Picture this. It’s just turned 6am. It’s pitch black and outside it’s 4 degrees, but feels closer to zero. Wind careens across the ground, and rain is in the forecast.
I’m at the outdoor pool. The lights cast a dim yellow glow across the water. The heat from the water evaporates and condenses into a mist that hangs close to the surface. It’s so thick that you can’t see past the first set of flags hung across the pool. Today the flags blow in the wind. They’re my litmus test of the temperature and conditions, and they’re telling me that today it’s going to be bad.
It’s eerie and unwelcoming. I’m pulling on a hat, and ear warmers. I’m feeling ridiculous as I watch my fellow swimmers strip down and quickly immerse themselves into the water, ploughing their way up and down the black line.
Today, like most other days this week, I’m pulling on a big foam belt that keeps me upright in the pool, helping me to float so I can run against the resistance of the water.
With a deep breath, I take off my jacket and get into the water. Thank goodness for small mercies as it’s a warm relief after the cold of the bitter air outside. I have an hour of running ahead of me.
I get splashed by the swimmers and slowly my hat starts to get wet. My ear warmers become progressively less functional, and the wind blows straight into my now wet face. I’m cold and miserable.
When I’m training, I have time to think about “stuff”. I think about what I’ve got going on, about plans for the expedition, about people. I think about our planet and the next generation. I think about how to tell stories, and about the stories that have affected me. I think about life and death and everything in between.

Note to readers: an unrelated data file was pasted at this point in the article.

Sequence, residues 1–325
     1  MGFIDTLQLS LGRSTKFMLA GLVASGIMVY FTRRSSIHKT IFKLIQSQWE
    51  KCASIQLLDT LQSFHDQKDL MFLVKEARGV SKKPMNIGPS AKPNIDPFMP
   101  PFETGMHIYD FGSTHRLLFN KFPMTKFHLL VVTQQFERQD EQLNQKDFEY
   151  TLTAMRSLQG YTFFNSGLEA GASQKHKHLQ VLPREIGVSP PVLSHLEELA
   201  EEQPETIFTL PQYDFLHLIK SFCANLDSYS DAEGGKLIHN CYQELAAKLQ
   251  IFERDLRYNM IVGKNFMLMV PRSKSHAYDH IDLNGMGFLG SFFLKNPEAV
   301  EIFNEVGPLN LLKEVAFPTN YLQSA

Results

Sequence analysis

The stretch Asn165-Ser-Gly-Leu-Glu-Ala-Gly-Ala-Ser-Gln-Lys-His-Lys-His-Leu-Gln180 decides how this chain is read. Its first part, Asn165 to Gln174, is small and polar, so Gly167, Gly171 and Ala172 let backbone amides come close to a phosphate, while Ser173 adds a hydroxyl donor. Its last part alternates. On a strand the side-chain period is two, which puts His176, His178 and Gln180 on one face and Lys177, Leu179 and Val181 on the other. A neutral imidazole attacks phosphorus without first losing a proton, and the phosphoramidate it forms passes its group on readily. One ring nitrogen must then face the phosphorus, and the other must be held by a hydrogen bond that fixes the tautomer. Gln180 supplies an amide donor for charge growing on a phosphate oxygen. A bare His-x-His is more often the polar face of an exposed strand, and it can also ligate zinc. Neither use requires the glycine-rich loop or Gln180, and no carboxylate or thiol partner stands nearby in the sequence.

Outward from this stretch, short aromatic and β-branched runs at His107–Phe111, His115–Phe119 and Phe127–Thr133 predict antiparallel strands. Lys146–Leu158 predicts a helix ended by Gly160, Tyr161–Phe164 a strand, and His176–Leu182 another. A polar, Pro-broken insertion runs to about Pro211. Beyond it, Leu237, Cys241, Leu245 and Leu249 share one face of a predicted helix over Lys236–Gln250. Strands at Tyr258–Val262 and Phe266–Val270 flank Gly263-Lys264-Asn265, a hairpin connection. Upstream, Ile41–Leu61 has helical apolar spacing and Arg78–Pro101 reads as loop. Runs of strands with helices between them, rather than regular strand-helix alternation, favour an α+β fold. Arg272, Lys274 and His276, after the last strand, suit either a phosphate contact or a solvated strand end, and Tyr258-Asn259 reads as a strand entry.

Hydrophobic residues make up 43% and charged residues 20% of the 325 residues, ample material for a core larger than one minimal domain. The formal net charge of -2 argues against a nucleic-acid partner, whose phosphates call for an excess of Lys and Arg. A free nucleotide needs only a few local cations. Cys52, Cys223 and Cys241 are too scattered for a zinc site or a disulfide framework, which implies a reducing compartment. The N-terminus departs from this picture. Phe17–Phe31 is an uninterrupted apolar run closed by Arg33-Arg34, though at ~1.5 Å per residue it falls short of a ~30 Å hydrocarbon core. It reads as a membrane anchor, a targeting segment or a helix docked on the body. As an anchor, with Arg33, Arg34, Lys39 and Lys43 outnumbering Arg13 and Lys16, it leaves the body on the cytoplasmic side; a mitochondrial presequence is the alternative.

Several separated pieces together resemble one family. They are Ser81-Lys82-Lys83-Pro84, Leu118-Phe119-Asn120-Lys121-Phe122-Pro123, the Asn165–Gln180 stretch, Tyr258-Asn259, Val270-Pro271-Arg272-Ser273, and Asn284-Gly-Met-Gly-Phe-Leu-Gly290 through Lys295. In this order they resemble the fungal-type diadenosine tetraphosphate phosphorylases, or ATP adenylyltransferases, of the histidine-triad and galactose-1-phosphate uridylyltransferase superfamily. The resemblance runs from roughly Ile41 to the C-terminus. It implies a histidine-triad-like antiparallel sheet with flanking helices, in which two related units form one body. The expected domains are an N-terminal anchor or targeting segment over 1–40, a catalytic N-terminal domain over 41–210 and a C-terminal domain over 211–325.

As I trod the water, the wind blistering in my face, my ears and nose feeling like they were becoming icicles, and the forecast rain finally coming down around me, I realised I had a choice.
I could remain miserable. I could continue to feel cold, depressed and sad. I could continue to dream of the things other “normal” people were doing – having coffee somewhere warm and dry, enjoying sleeping in tucked under their doonas….
Or I could find something in the moment to make me smile: the feeling of my legs moving through the water or my muscles working against the resistance and getting stronger with each stride. The camaraderie of facing the elements with a bunch of other crazies. The fact that nature had given us some precious water to fill our tanks and water our ground.
In Antarctica two years ago, Kelvin – my crazy photographer – told me to “think warm thoughts”.
As I slowly made my way down the pool, arms and legs pumping, raindrops falling from the sky and displacing water from the surface that rebounded into my face, and the wind whistling in my ears, I concentrated on all the good things. I listened to nature. I watched the sky slowly brighten on the dawn of a new day. And I thought about the satisfaction I was going to feel when my run was done.
The rain didn’t stop, the temperature didn’t rise, and the wind didn’t cease its blowing, but in my mind the experience of all of these things shifted. I sang to myself, and put a smile on my face and wondered if Kelvin may have been right, Maybe - just maybe - the temperature around me rose a few degrees.